Kim Basinger and Jeff Bridges in The Door in the Floor (2004)

(director/writer: Tod Williams; screenwriter: based on the novel A Widow for One Year by John Irving; cinematographer: Terry Stacey; editor: Affonso Gonçalves; music: Marcelo Zarvos; cast: Jeff Bridges (Ted Cole), Kim Basinger (Marion Cole), Jon Foster (Eddie O’Hare), Mimi Rogers (Evelyn Vaughn), Elle Fanning (Ruth Cole), Bijou Phillips (Alice), Louis Arcella (Eduardo Gomez); Runtime: 110; MPAA Rating: R; producers: Michael Corrente/Anne Carey/Ted Hope; Focus Features; 2004)

“A limited success.”

Reviewed by Dennis Schwartz

Tod Williams (“The Adventures of Sebastian Cole”) directs and writes this biting tragicomedy based on the first third of John Irving’s 1998 novel “A Widow for One Year.” The underpinnings of the melodrama are embedded in how an emotionally bereft guilt-ridden couple deal with their hurtful relationship after the loss of their two beloved teenager sons in a traffic accident on a snowy road some five years earlier. Ted and Marion Cole (Jeff Bridges and Kim Basinger) are the wealthy East Hamptons couple whose marriage is on the rocks. Ted works out a plan where they go on a trial basis separation for the summer, as he rents an apartment in the nearby village and they take turns living there every other night. Coinciding with the failing marriage drama is a coming-of-age tale involving an underage boy, Eddie O’Hare (Jon Foster), with the much older Marion.

Ted’s a children’s book author and illustrator (uniquely making squid-ink drawings), who seeks out neighborhood women to pose nude for his illustrations. Mimi Rogers has a thankless supporting role as one of those models who doesn’t take it too well when Ted tries to dump on her after she poses nude (why Ted needs nude drawings of women for his children’s books was never explained).

The beautiful Marion walks around as if comatose and wraps whatever love she has left inside her around her precocious 4-year-old daughter Ruth (outstandingly played by the 6-year-old Elle Fanning), who still prefers her more humorous storytelling dad.

Eddie is an admirer of Ted’s writing and an aspiring writer. He’s a 16-year-old upper-classman at the elite prep school Exeter, where his dad teaches, who is hired by Ted for the summer to be his writing assistant it turns out not only as a favor to his alma mater or because he needs a driver because he lost his driver’s license, but as a gift to his wife. The serious-minded but socially awkward Eddie resembles the couple’s eldest son (the main reason he was hired), and will soon lose his virginity when seduced by Marion. Their affair begins after Marion catches him masturbating while staring at her underwear and instead of expressing shock takes pity on Eddie because his actions are deemed as typical of male teens. Ted threatens to use that affair to gain custody of Ruth if he files for a divorce.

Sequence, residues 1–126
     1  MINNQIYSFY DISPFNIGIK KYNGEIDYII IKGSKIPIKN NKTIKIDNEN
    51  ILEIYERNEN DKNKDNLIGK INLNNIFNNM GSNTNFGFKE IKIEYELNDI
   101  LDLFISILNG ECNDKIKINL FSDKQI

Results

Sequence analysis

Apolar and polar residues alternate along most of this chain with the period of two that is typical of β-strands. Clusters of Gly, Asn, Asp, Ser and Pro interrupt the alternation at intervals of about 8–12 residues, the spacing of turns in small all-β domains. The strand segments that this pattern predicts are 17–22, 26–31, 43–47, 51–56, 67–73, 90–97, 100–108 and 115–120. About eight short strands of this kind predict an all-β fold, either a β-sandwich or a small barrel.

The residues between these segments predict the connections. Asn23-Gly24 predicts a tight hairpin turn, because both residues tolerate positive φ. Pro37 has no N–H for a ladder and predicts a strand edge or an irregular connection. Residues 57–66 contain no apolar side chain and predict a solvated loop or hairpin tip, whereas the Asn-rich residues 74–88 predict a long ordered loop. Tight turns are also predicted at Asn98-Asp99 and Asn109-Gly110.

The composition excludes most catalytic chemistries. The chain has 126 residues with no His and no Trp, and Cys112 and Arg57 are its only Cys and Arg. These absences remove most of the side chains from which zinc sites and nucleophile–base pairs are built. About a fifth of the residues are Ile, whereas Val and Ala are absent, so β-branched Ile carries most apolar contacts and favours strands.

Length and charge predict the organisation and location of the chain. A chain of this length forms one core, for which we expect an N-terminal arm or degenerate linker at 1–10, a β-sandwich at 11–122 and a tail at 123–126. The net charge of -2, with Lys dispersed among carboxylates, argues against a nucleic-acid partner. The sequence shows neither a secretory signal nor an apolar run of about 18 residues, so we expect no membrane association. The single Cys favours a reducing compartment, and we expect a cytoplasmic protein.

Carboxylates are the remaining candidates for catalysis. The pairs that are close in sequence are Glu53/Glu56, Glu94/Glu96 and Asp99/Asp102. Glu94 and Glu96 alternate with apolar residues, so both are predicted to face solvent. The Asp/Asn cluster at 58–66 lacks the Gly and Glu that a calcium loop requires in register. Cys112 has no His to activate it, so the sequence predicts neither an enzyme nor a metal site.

The Cole’s beach house has its hallway lined with framed photos of Ruth’s deceased brothers she never met in the flesh, whose lives she asks to hear about every night before she goes to bed. Ted is at ease in his luxury beach house, walking around in his bathrobe or in the buff, scruffy bearded and with unsightly hair. He also constructed a homemade squash court in the barn that secretly fits his imaginative needs, where he shows off his athletic prowess to the invited competitors. Ted’s a heavy drinker and a womanizer, who makes light of his failure as a novelist and success as a children’s author by pointing out he’s merely an “entertainer of children.”

The heart of the film is about the couple dealing with the death of their loved ones and finding a way to heal a relationship that has taken a wrong turn. There are many framed shots of a shell-shocked Marion sitting in her parked car for an indefinite period with the left blinker signal turned on, and of Ted walking around the house with a drink in his hand.

The film’s title is derived from the title of a children’s book Ted wrote, which he reads aloud to an appreciative adult Hamptons audience. The title also serves as the film’s convenient metaphor (indicating that the main characters are afraid to open up to what remains locked inside themselves).

“Door” was uneven (the psychology behind the adulterous affair never seemed more than superficial Freudian analysis). But there were moving moments that cut through all that wasn’t said to offer more than the usual Irving sentimentality and quirky moments. The film is rich in details about character development. It also leaves the viewer something more to reach out for after discovering what drove the seemingly unsympathetic couple to their current marital crisis point (Bridges’s agonizing effort to tell Eddie about the car accident in the smallest details results in our belated sympathy for the imputable but heartbroken parents).

Bridges presents an interesting portrait of his contradictory character–a talented, witty and lovable egotist tormented by a sense of failure and fear of the unknown. Basinger captures her character’s gloom, withdrawal from life, vulnerability and inability to fully love anymore because of her recurring fears and anxieties. While the bland Foster is good at bringing out how he moves in one summer and turns from a floundering innocent to a more cynical person over his unwise relations with both Marion and Ted, where he becomes the catalyst for the two injured parties to further spark their gnawing self-doubts.

The film’s greatest failure, however, is that the couple’s inappropriate actions never quite makes sense and therefore I just don’t know what lesson I was supposed to take away from this amoral adult tale. Maybe I was just supposed to be entertained by the comedy and engrossed by the tragedy, and find enough to be satisfied with in the elegant literary way the story was told. If that was the case, this film was a limited success.